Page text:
I chose not to play an instrument in elementary school, so, when the rest of the class was at band practice, I was the only sixth-grade girl left in a classroom with six boys. We would read, do homework, play games ... do anything we wanted, really, as long as we entertained ourselves without injury for an hour.
I was introduced to Harry Potter during one of these sessions. I leaned against one of the walls, turning pages of a California Diaries book. I saw that one of my classmates--a boy who was often teased (though lovingly, albeit) about his tan appearance--was also reading.
"What's that about?" I asked, pointing to his book.
"Harry Potter," he said. "I like it. It's about a wizard who goes away to a wizarding school and basically has to fight evil he doesn't understand. It's really good."
I nodded, interested. I didn't read fantasy novels all that often, but I was willing to branch out.
"I think you should read it," my classmate added. "There are a couple of books out, and the author's going to write them for awhile, I guess."
I nodded again. "Sounds good. I'll get to it."
I went back to my book, not even thinking about it his suggestion until a few weeks later, when the Scholastic Book order forms came.
For years, mom had been saving money every few months so I could order books from the tissue-paper-like order forms our teachers sent home with us. Each year, she would give me $25 to spend at the Scholastic Book Fair that visited the school. I loved new books; the smells, the unturned pages. Education, opportunity, adventure, enjoyment ... I loved to read.
This time, when the order form came, I saw that the Harry Potter novels were included. "Hey, mom, can I get those? A classmate said they were really good and that I should try them."
Needless to say, I shortly became the owner of what are now battered and beaten copies of the first two novels.
I was eleven then; the same age Harry and his friends were when they first traveled to Hogwarts. And, like many of my peers around the world, I imagined myself with him. I literally had dreams of attending the school with them, of roaming the ancient stone hallways. I understood Harry's quest, but was still filled with enough childhood naivety to allow myself, for moments at a time, to believe that it was all real.
I remember seeing the first movie on opening night, and seeing my best friend and her sister dressed up in wizard robes. I had not been at school for the past few days, as I had been feeling ill. However, neither my mother and I wanted to miss the movie. We sat near the back of the theater (which, years later, is now bankrupt) and watched with joy as the screen brought life to Peeves, Ollivander, Harry and Hedwig. We were joined by one of my classmates--the same boy who introduced me to Harry two years prior.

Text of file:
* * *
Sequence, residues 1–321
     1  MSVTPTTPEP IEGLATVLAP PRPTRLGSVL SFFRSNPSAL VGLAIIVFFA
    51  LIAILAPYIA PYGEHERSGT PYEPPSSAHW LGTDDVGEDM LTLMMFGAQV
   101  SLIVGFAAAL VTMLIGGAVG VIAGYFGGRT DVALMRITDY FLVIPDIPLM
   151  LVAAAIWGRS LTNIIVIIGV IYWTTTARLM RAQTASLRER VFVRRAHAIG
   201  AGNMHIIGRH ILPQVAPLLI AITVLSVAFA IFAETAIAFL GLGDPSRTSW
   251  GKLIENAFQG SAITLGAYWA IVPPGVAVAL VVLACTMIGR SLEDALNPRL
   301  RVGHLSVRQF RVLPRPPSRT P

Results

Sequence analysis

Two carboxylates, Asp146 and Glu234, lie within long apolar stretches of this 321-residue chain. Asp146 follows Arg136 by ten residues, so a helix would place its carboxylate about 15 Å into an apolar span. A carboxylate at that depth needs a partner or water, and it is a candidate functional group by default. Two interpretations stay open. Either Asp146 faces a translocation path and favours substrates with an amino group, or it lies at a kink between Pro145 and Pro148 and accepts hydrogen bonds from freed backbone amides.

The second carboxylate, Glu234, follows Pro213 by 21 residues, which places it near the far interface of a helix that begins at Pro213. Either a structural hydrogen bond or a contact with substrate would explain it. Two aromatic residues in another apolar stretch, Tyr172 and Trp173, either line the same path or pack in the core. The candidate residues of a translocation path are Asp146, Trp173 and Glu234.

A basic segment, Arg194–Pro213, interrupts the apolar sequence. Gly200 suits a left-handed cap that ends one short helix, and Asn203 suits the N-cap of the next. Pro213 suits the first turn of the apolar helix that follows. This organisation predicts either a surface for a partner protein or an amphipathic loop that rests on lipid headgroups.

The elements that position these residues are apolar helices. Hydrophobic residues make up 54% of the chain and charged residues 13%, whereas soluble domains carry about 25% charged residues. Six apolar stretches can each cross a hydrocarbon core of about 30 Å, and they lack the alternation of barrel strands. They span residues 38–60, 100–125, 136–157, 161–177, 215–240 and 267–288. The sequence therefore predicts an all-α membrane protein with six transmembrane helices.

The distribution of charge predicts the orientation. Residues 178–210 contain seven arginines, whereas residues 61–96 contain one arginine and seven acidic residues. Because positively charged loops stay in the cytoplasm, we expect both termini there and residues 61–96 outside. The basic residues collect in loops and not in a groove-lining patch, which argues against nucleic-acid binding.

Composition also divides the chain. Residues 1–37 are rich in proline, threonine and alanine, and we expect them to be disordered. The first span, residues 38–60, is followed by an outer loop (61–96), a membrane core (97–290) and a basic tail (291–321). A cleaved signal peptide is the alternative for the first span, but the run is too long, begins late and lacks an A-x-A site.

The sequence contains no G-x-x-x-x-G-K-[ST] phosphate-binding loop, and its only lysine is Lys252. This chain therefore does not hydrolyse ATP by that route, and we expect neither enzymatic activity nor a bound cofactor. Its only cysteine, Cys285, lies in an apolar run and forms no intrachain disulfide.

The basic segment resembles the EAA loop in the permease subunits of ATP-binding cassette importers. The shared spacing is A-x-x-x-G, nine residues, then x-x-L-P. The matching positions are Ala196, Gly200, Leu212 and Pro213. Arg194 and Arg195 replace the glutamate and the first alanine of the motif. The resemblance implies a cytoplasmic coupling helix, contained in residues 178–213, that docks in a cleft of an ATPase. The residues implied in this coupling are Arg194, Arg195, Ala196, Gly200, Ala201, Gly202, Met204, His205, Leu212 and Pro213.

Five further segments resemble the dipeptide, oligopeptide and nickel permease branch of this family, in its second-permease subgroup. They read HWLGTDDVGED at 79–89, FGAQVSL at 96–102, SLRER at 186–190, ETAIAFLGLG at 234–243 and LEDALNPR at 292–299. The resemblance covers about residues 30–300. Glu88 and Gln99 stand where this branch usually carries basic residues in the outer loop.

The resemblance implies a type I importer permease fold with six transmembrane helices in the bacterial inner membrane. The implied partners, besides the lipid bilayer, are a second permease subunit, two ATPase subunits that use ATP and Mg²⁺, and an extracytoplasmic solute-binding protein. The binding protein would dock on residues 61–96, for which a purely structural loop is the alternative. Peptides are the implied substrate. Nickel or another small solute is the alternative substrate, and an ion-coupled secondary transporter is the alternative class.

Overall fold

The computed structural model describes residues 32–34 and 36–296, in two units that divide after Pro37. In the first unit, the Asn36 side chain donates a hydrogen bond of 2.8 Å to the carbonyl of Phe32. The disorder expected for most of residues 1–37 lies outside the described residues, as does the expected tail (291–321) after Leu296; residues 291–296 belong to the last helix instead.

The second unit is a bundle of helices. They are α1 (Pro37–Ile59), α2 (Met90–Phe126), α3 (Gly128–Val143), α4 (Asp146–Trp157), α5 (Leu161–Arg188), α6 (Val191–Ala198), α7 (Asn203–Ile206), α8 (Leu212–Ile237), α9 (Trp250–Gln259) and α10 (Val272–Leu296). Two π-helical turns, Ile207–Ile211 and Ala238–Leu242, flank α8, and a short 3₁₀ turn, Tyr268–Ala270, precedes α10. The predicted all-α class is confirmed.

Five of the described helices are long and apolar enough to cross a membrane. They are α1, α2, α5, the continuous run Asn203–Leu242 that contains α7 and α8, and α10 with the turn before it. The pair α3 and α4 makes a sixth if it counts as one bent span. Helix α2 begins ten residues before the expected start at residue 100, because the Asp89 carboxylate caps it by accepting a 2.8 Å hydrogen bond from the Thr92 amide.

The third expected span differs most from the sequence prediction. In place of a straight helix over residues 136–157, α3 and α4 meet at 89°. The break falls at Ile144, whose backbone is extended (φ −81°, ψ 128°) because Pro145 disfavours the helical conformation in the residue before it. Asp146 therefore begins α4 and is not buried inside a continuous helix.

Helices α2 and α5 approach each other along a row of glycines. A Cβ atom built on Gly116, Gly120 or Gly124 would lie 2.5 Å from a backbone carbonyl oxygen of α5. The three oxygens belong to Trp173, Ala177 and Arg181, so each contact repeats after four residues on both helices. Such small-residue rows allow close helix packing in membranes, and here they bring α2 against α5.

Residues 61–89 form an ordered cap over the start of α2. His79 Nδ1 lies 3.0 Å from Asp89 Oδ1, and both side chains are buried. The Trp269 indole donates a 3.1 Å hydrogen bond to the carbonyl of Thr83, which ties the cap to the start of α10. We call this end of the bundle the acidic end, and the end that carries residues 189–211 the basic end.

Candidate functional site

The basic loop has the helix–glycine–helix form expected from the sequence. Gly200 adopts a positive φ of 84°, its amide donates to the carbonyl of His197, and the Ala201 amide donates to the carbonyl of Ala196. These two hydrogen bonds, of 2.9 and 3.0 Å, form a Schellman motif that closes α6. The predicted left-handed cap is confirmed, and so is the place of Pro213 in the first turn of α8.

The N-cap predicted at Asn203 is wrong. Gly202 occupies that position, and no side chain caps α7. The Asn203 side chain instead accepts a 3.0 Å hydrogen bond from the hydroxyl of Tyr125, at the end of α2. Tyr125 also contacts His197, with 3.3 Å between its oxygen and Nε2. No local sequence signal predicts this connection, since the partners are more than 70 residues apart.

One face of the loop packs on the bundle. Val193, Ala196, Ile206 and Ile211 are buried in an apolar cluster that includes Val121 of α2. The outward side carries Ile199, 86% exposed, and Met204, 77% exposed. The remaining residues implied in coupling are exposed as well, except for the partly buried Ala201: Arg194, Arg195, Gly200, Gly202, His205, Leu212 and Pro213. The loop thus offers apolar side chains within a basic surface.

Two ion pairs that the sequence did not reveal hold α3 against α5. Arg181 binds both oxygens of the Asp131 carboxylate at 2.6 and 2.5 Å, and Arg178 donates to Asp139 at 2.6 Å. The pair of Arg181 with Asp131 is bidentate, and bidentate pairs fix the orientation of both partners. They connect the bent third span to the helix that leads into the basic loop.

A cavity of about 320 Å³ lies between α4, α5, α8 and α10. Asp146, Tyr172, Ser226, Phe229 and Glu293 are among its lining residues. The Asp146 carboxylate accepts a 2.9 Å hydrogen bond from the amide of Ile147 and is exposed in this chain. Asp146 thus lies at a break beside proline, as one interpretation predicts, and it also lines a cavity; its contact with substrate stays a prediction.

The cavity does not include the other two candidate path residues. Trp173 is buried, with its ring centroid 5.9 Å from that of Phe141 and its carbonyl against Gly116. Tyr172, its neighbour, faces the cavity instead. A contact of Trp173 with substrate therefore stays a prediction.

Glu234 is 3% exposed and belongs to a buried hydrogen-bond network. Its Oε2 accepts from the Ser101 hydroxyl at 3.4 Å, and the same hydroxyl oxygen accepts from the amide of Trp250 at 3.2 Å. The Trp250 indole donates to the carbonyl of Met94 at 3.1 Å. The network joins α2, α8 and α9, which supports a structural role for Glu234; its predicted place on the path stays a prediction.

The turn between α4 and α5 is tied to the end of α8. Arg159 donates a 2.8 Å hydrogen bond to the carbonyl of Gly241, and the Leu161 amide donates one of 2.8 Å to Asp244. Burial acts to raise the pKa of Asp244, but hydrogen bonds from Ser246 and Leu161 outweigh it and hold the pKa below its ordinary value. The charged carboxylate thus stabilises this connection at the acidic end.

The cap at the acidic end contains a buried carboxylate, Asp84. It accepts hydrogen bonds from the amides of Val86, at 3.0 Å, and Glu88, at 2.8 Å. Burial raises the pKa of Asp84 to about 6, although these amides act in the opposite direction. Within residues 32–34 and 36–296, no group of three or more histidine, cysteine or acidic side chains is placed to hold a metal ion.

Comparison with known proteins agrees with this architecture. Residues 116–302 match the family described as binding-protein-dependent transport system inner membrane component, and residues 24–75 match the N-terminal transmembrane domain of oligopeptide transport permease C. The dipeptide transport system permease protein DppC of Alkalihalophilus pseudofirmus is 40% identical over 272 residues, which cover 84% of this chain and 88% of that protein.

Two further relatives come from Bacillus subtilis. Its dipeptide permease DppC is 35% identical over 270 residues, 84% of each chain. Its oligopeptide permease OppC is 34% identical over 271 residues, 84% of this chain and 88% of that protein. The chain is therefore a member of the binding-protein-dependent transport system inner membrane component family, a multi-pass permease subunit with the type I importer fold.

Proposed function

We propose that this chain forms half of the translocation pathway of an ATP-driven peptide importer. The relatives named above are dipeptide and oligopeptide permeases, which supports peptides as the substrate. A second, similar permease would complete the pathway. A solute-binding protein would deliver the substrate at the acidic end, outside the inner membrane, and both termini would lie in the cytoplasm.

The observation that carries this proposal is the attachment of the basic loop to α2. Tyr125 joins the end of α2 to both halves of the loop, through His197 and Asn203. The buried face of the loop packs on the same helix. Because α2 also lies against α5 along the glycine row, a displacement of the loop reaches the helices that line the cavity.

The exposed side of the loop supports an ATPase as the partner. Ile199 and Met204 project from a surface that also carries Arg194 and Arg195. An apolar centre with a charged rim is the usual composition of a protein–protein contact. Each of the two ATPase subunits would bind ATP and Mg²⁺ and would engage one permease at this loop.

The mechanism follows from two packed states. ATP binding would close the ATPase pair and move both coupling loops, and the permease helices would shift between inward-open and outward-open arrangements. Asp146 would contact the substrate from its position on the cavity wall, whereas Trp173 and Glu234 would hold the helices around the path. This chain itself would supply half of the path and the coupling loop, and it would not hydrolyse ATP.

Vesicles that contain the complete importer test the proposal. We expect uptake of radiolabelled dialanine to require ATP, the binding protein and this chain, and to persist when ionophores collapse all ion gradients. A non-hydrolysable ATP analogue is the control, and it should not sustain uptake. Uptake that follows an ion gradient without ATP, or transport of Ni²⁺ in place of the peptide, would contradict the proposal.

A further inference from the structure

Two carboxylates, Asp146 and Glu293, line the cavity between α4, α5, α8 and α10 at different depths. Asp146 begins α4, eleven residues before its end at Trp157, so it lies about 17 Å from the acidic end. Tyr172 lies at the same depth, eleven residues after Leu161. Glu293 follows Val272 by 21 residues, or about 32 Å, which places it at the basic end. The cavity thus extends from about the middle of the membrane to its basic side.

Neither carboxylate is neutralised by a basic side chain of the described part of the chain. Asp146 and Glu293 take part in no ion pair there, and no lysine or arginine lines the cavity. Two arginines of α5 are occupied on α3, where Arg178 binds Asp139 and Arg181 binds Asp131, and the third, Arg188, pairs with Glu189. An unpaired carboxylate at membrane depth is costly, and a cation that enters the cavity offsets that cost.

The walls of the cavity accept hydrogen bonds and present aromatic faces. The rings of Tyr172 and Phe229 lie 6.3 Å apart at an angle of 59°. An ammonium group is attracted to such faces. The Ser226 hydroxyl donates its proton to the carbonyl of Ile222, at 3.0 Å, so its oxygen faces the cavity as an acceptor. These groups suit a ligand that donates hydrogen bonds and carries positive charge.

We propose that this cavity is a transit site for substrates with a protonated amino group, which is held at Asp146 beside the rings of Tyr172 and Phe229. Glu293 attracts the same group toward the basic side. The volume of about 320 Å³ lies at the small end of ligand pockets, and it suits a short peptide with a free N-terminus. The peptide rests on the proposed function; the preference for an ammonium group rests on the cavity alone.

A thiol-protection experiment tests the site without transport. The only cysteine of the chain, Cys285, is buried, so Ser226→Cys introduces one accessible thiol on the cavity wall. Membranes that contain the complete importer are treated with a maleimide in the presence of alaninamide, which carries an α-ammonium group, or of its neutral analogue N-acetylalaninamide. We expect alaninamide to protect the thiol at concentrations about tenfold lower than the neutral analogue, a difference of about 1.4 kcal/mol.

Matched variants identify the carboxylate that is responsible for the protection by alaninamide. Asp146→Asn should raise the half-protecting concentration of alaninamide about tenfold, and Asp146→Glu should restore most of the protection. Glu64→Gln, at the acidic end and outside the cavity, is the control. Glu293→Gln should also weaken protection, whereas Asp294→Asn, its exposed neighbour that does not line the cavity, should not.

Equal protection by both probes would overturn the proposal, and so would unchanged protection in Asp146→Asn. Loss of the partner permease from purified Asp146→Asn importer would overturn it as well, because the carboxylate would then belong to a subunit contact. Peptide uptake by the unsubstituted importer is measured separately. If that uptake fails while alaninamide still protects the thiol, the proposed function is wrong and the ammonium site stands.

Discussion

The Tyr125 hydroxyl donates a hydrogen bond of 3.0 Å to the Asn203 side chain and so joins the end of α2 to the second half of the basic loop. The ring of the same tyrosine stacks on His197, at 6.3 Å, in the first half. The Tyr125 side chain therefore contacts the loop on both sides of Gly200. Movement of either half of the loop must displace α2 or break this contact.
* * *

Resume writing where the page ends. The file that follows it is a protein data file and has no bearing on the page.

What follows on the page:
A few years later, I avidly searched the house for a coupon for Harry Potter and the Goblet of Fire. I stroked its cover when mom brought it home from Barnes and Noble. It smelled new and exciting, and I later found that Voldemort began an even more ominous presence within the pages.
During my junior year of high school, I talked with my classmates about The Prisoner of Azkaban and acknowledged that we would still be watching the movies in college. It seemed silly at the time, really ... but now, twelve years after I cracked the spine on my first novel, it isn't senseless at all. We all grew to love a fictional character and, even more, his fictional world. It's hard to let go of a captivating story that, for more than a decade, has convinced so many people that magic does exist.
I witnessed a costume contest at the midnight release of the final book (the winner of which was convincingly dressed as Hagrid). My college friend and I shouted for joy when we bought our copies--we were among the first twenty to receive them. I raced home, read until 5:00 in the morning. I slept for a few hours and finished the novel soon after I awoke. I cried into my hands when I read the book. I cried into my hands when I watched Part 2.
But, then again, Harry isn't really dead. As Neville says, he lives in each of us, and we won't forget. We don't want to forget ... that's why we blog, write, reminiscence. It's hard to let go.